The Senate failed to move forward to consider the defense authorization bill today, imperiling the compromise over repealing Don’t Ask Don’t Tell, moving forward of the DREAM Act, and hundreds of other issues relating to the military. Republicans held a united front against consideration of the bill, basing their opposition mainly on the lack of an open amendment process.
Before the vote, Senate Minority Leader Mitch McConnell asked for unanimous consent to move to the bill as long as Republicans had the unlimited ability to offer amendments, with the first 20 based on what he considers “germane” amendments, and with none of the amendments “relating to immigration.” That last part was clearly a swipe at the DREAM Act, which does have a military component, as it allows a path to citizenship for undocumented students if they either complete higher education or enlist in military service. The Defense Department specifically includes the DREAM Act as an important component of meeting the goals of an all-volunteer force.
Majority Leader Harry Reid rejected the request, saying that it would “change how we’ve done legislation for a long time,” and he moved to the cloture vote. Despite multiple Republicans supporting the repeal of Don’t Ask Don’t Tell, and others supporting the DREAM Act, all of them opposed to even consider the defense authorization bill, voting against cloture. While advocates tried to pressure Senators like Olympia Snowe and Susan Collins and Scott Brown, “they ran and they hid behind this procedural decision,” according to Sen. Dick Durbin in a speech after the vote.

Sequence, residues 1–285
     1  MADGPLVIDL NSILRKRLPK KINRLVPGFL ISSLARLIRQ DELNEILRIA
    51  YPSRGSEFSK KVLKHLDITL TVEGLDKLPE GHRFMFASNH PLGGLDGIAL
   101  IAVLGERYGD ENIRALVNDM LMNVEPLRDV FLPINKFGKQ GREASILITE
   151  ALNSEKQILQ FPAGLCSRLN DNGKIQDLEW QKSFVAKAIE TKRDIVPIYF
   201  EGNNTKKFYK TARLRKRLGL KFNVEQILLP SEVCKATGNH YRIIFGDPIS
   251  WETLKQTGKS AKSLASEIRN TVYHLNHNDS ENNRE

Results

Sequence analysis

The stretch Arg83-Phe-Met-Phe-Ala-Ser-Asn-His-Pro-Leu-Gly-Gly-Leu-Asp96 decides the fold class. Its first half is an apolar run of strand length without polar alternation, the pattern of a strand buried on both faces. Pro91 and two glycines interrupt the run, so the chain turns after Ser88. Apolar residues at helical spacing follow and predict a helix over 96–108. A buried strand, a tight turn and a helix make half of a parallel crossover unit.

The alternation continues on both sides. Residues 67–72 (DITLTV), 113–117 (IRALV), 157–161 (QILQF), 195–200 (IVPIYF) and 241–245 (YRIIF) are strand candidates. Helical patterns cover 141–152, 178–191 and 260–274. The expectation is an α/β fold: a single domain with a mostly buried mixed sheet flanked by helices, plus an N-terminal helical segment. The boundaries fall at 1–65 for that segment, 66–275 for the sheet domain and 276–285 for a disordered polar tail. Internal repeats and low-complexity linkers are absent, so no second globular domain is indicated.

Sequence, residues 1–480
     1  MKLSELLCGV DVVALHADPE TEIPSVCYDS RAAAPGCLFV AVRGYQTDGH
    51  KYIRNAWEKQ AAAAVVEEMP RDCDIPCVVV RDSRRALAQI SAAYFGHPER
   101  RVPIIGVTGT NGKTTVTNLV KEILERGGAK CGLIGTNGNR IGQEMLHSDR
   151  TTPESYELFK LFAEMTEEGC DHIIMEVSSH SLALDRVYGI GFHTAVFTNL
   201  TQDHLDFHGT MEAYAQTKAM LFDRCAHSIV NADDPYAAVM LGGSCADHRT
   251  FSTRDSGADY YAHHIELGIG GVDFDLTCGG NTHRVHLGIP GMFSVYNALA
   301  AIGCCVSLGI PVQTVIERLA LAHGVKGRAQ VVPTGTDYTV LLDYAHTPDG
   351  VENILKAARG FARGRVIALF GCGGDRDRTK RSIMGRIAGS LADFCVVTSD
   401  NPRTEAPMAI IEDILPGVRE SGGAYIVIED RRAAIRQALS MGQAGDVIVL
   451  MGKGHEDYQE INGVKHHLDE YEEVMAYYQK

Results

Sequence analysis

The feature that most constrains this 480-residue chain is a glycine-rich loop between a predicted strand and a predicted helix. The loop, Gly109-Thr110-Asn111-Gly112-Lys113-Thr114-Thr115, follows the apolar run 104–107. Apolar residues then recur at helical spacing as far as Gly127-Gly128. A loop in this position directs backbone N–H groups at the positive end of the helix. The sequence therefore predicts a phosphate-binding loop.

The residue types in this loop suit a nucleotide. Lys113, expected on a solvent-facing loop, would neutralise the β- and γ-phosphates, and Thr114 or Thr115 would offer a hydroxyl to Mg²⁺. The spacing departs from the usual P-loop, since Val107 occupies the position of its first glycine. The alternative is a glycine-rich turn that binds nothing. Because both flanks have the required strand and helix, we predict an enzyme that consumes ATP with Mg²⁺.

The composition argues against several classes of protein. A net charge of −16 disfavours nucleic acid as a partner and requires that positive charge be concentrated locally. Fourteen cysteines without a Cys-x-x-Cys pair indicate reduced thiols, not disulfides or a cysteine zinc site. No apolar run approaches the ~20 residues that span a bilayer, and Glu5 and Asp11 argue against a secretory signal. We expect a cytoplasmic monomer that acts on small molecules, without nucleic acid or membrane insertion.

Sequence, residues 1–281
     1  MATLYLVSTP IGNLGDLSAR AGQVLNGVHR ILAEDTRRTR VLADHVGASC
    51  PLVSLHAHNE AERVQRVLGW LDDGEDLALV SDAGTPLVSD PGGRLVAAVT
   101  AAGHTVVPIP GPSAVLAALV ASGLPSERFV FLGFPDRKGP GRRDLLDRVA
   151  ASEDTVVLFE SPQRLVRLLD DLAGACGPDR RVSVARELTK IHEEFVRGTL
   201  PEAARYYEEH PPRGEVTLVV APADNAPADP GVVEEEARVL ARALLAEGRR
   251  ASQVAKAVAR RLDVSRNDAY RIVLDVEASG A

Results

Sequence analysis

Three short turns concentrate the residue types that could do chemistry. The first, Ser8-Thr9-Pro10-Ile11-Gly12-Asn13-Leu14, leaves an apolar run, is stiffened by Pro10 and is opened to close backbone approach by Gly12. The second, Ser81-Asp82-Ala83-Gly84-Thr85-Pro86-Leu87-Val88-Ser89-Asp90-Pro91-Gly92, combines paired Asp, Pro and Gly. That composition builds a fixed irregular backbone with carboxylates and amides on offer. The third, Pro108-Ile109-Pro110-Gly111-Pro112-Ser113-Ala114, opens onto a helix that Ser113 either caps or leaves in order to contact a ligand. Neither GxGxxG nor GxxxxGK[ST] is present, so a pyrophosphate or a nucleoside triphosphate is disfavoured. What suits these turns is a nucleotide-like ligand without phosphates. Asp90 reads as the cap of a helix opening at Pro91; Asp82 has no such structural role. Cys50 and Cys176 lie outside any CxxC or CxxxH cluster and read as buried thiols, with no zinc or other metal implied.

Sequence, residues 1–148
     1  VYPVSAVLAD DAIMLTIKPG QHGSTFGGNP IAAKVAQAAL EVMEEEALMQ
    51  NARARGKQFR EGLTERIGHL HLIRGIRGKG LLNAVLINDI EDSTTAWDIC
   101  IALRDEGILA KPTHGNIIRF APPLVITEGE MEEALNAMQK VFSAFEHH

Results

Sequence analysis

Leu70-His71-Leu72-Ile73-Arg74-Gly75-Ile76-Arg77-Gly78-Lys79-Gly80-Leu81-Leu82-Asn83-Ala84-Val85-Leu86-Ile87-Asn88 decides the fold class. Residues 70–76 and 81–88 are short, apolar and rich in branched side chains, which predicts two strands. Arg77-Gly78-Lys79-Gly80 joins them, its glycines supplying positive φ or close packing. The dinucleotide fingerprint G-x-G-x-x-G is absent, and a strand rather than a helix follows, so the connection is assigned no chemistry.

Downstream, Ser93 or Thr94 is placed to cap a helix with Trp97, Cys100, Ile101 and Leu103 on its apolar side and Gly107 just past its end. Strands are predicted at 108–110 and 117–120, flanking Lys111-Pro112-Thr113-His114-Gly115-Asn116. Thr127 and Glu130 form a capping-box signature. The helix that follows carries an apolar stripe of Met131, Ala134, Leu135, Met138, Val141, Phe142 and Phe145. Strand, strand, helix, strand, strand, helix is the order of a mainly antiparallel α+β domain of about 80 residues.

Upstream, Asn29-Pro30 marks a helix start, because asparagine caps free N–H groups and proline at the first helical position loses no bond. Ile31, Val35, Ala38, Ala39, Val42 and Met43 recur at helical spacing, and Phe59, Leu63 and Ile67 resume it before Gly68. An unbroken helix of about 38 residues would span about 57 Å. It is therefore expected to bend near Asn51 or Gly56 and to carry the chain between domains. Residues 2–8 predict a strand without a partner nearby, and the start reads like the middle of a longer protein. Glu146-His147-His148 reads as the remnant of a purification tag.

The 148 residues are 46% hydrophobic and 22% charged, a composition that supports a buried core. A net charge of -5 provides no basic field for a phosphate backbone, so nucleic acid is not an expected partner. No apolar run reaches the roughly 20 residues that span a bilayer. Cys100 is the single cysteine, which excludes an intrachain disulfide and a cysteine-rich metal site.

The cloture vote failed, by a count of 56-43. In addition to all 41 Republicans, Sen. Blanche Lincoln, currently trailing by 30 points in her re-election in Arkansas, voted no. Reid also voted no, specifically so he could bring up the bill at a later time.
Durbin said that “As long as I can stand behind this desk… I will be pushing for this DREAM Act. I hope that 11 Republicans will stop cowering in the shadows.” Reid added that “We’re going to vote on the DREAM act, it’s only a question of when.”
UPDATE: Per Joe Sudbay, apparently Mark Pryor voted against cloture as well, giving Lincoln some cover. One GOPer was absent.
Sudbay quotes one gay rights advocate calling it a “political train wreck.” Agreed.